3dfx launches Voodoo 4 and 5
But graphics cards' new features require multiple 3D chips
3dfx today launched its long-awaited -- and long-delayed -- next generation graphics chip, codenamed Napalm, but now officially dubbed the VSA-100, or Voodoo Scalable Architecture. Of course, with the company's arch-rival, Nvidia, launching its own high end part, the GeForce 256, 3dfx has been dropping plenty of hints about what the VSA-100 will offer for some months now. The key new features the chip offers -- full-scene anti-aliasing, texture compression and its T-buffer special effects technology -- are well known now and came as no surprise. More interesting, then, is the chip's built-in scan-line interleaving (SLI) facility. 3dfx's Voodoo 2 chip could co-operate on the rendering of a scene with a second Voodoo 2 mounted on another graphics card. The VSA-100 puts that right into the heart of the architecture (hence the 'Scalable' tag) allowing multiple VSA-100s to co-operate on a single card. The upshot is a major leap ahead in performance, as measured in polygon fill rates. 3dfx reckons that its top-end board, the Voodoo 5 6000, with four VSAs, can pump out 1.47 billion pixels per second. The company is restricting itself (for now) to no more than four VSAs, but Quantum 3D, a long-time 3dfx partner working in the high-end simulation business, will be offering boards with up to 32 processors. At the bottom end of the line, 3dfx will offer a single VSA chip on a board it's calling the Voodoo 4 4500. Now the curious thing here is that the 5000 won't offer the VSA's key anti-aliasing and T-buffer features (motion blur, depth of field focusing, and smooth shadows and reflections), primarily because they only work well when powered by two chips. Of course, 3dfx never explicitly said, so far as we can recall, that Napalm would be a single chip solution, but that's certainly what it was suggesting. And if that was the original gameplan, then clearly the company has been forced to admit it couldn't develop the silicon to do the job and has had to opt for a multi-chip approach in order to get the part out in a reasonable timeframe. The arrival of high end parts from Nvidia and S3 have already begun hitting 3dfx's bottom line, though such is its marketshare lead it does have some breathing room here. It's hard to see whether the decision to go with a baseline two-chip system was happily made possible by the VSA's multi-processor SLI architecture or whether it was always part of the gameplan. Either way, it shows that now boards rather than chips are what 3dfx is really about. The point is, it makes no real difference whether your $299 Voodoo 5 5500 AGP has two VSAs or one, as long as the resulting graphics look good. There's an issue for 3dfx in that two chips cost more than one, so it's taking a hit on margins, but that's not a problem for the customer. In fact, CTO Scott Sellars claimed the two-chip approach was actually more cost-effective since the processors are smaller therefore yields are higher than they would be if 3dfx had tried to cram two VSA cores on a single piece of silicon. And it's presumably for yield and cost reasons that 3dfx is sticking with an established 0.25-micron process for the VSA, rather than attempt to push the chip down to 0.22 micron or below. What that will do for the board's heat generation remains to be seen. Sellars admitted that 3dfx has yet to sample the VSA-100, which is why the company is still demoing T-buffer using arrays of SLI'd Voodoo 2s. Sellars said he expects first silicon "very soon". The boards themselves are unlikely to ship before the end of Q1 2000. ® 3dfx's next generation boards Voodoo 4 4500 PCI, AGP bus support, one VSA-100, 32MB VRAM, two pixels per clock cycle, 333-367 million pixels per second (MPps), US price $179. Voodoo 5 5000 PCI bus support, two VSA-100s, 64MB VRAM, four pixels per clock cycle, 667-733MPps, US price $229. Voodoo 5 5500 AGP bus support, two VSA-100s, 64MB VRAM, four pixels per clock cycle, 667-733MPps, US price $299. Voodoo 5 6000 AGP bus support, four VSA-100s, 128MB VRAM, eight pixels per clock cycle, 1.33-1.47 billion pixels per second (GPps), US price $599.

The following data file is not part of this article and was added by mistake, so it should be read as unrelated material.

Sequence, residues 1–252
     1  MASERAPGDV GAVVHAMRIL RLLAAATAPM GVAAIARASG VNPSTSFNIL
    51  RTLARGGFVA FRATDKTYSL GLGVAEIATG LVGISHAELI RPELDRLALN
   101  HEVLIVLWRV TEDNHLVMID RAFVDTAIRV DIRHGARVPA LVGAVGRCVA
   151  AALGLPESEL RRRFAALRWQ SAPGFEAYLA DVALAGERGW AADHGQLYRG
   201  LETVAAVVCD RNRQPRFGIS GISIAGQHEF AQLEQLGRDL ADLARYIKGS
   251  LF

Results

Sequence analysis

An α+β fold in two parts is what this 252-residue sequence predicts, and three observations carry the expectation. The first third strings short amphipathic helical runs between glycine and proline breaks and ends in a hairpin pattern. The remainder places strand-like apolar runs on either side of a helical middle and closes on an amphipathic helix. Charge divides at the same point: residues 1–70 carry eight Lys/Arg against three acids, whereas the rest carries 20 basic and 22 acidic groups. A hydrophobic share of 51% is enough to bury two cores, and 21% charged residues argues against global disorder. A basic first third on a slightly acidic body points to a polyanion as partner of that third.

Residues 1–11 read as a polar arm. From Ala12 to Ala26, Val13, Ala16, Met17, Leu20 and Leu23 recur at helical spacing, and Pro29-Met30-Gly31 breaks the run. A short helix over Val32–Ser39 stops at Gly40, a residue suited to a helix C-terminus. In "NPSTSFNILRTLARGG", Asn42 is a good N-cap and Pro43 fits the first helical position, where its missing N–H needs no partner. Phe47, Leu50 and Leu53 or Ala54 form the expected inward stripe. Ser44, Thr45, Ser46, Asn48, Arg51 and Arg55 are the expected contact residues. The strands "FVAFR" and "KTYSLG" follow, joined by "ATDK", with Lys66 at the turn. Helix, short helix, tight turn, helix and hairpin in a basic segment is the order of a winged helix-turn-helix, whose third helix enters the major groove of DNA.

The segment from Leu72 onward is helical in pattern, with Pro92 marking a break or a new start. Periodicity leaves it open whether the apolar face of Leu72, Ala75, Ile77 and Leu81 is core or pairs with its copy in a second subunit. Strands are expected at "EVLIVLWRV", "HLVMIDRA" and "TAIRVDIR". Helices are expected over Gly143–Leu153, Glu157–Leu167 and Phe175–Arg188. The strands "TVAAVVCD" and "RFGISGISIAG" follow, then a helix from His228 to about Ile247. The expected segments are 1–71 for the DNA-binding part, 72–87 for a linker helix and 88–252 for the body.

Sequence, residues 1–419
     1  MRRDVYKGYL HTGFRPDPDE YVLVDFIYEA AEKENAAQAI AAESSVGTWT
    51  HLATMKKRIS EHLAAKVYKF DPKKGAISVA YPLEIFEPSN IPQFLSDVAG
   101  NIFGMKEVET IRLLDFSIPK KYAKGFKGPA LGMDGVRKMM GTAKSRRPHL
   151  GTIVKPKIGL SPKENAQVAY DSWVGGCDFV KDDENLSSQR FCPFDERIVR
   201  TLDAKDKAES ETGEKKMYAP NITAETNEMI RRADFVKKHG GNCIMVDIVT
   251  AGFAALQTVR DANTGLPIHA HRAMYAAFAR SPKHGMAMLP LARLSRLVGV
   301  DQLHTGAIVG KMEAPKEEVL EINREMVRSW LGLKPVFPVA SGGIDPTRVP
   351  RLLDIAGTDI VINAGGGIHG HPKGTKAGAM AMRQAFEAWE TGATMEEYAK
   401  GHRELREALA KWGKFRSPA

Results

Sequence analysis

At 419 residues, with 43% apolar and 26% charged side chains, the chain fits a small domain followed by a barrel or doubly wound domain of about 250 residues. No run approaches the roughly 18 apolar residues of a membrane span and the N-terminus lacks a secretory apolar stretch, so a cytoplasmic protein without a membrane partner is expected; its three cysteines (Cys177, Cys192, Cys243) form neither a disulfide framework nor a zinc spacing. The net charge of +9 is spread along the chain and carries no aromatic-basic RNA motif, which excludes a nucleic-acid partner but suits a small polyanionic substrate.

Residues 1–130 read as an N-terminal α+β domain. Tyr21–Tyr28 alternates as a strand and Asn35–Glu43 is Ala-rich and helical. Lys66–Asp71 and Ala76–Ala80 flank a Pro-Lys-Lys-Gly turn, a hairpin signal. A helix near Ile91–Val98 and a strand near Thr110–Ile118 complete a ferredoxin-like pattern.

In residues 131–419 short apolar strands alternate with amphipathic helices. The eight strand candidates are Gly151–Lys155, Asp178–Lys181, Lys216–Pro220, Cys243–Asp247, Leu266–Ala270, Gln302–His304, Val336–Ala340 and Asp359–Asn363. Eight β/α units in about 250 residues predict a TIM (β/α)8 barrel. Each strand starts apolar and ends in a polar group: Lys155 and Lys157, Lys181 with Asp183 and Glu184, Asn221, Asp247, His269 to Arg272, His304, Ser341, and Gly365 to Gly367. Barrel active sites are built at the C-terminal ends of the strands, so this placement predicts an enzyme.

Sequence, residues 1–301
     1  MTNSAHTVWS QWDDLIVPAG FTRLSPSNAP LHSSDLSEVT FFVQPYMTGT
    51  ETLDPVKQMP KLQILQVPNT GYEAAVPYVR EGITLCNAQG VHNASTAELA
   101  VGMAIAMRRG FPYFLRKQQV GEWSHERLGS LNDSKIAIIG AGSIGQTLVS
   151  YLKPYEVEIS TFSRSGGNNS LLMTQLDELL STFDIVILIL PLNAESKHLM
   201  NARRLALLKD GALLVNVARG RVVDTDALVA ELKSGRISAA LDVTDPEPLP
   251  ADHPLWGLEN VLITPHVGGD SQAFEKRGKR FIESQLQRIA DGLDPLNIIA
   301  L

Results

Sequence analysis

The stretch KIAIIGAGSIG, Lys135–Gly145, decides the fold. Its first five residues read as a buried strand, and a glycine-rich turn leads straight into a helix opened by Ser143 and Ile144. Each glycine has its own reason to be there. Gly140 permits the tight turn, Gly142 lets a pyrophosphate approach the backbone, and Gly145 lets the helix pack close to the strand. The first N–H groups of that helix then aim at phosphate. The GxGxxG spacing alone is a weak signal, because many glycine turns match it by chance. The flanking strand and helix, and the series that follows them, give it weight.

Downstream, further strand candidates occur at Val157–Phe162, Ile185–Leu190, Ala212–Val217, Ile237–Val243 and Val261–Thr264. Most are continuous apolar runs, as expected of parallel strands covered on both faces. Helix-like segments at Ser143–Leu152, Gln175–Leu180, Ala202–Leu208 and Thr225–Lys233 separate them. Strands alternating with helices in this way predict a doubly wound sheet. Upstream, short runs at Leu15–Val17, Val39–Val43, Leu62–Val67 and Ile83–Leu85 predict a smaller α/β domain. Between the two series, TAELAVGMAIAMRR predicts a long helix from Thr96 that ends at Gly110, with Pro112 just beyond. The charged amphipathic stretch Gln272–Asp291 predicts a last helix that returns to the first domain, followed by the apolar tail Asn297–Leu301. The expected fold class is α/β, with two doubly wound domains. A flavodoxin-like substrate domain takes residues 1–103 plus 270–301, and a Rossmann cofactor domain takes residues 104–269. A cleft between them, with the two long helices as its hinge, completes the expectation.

Sponsored: RAID: End of an era?